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NCJRS Abstract

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NCJ Number: 200439 Find in a Library
Title: Safer Prisons: A National Study of Prison Suicides 1999-2000 by the National Confidential Inquiry Into Suicides and Homicides by People with Mental Illness
Author(s): J. Shaw; L. Appleby; D. Baker
Corporate Author: National Confidential Inquiry
United Kingdom
Date Published: May 2003
Page Count: 73
Sponsoring Agency: National Confidential Inquiry
Manchester M13 9PL, England
Sale Source: National Confidential Inquiry
7th Floor, Williamson Building
University of Manchester
Oxford Road
Manchester M13 9PL,
United Kingdom
Document: PDF
Type: Report (Study/Research)
Format: Document (Online)
Language: English
Country: United Kingdom
Annotation: This document presents findings of a study on prison suicide in England and Wales.
Abstract: A national sample of suicides or suspected suicides by current prisoners was identified from the records held by the Safer Custody Group. Two questionnaires were sent to the prison where the death occurred. One was sent to the prison governor, the second to the prison medical officer. If a psychiatrist had assessed the prisoner, a third questionnaire was sent to him/her. The sample was a 2-year consecutive case series, defined by date of death. The time period covered was from January 1999 to December 2000. Results show that 172 suicides occurred among prisoners; 12 prisons, including 2 young offender institutions, had five or more suicides. The 172 deaths included 5 in the care of the Prison Escort Custody Service. Ninety-two percent of the suicides were by hanging or self-strangulation. The most common ligature points were window bars; the most common ligatures were bedclothes. Eleven percent of the suicides occurred within 24 hours of reception into prison; 32 percent occurred within 7 days. Forty-nine percent of the individuals were on remand. Eleven percent of the individuals were on a vulnerable persons unit. Sixty-three percent were located in single cells (including 9 percent that were in a segregation unit); of those in double cells, the cellmate was absent in around half. Ninety-two percent of the individuals were male; the proportion of females was highest (14 percent) in suicides aged 21 and under. Eleven percent were from an ethnic minority. Twenty-six percent had been charged with or convicted of a violent offense. In 6 percent of the cases, the offense was murder or manslaughter; six of these were serving life sentences. There is a need for a number of changes to prison health care services, and prison regime and environment based on these findings. Recommendations include reviewing prison cells and wards for potential ligature points; obtaining information on prisoners with mental health service contact within 24 hours of commitment; and training all prison officers in suicide prevention and risk. 10 tables, 23 figures, 10 references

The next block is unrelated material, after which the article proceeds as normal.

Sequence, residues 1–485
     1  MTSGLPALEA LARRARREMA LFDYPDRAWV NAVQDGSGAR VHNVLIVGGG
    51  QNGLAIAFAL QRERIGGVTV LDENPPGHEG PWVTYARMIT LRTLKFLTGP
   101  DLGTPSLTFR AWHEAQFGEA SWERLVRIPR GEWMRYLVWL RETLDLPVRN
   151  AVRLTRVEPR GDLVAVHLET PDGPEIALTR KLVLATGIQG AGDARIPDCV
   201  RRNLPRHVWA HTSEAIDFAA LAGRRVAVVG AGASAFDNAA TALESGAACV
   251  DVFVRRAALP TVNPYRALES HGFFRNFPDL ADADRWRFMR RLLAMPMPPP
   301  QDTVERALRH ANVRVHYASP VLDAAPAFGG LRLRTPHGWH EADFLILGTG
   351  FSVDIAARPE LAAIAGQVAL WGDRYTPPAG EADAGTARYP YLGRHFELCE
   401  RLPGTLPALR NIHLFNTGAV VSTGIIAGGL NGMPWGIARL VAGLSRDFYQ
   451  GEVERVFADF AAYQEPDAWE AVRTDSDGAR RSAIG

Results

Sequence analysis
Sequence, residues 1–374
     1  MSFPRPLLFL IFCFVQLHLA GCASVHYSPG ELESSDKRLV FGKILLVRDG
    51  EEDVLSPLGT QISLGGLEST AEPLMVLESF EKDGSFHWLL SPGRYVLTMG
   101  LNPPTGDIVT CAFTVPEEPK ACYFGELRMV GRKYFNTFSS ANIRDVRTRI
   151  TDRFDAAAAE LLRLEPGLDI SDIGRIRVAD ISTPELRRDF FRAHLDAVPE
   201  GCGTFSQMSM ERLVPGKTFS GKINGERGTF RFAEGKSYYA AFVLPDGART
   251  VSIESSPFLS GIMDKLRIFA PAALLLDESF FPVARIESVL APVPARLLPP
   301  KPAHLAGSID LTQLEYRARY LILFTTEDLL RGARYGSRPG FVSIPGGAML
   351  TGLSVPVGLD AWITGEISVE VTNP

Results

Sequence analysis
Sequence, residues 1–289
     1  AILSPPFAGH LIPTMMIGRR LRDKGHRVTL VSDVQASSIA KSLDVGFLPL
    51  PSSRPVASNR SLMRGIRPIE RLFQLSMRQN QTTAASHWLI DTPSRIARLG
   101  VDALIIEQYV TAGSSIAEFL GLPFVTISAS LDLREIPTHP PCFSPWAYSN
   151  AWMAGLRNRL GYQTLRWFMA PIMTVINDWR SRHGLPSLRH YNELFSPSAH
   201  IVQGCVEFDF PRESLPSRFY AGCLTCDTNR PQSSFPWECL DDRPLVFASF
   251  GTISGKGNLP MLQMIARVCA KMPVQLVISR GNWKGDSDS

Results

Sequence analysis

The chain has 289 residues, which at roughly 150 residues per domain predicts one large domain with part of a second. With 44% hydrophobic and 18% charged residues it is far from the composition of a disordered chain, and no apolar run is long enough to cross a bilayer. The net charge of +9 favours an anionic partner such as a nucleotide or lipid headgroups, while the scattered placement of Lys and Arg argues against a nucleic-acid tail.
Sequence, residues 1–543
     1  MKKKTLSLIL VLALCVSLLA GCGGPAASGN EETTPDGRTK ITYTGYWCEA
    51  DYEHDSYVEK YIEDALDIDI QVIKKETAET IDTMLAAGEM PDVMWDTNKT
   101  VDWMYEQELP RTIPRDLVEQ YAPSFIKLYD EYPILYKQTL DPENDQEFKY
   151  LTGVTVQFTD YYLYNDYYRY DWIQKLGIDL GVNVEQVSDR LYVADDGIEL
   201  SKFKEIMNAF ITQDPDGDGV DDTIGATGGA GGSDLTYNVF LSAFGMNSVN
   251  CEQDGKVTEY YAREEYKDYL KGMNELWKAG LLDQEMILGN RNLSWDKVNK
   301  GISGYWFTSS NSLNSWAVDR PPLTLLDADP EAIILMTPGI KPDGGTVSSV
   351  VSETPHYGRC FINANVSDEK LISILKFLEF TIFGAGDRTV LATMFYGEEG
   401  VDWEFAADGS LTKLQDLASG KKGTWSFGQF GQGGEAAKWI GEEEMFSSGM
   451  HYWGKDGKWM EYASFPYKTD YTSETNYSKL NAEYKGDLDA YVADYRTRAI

Main Term(s): England; Inmate suicide; Wales
Index Term(s): Inmate fatalities; Morale; Psychological manipulation; Self concept; Suicide; Suicide prevention
Note: Downloaded May 22, 2003.
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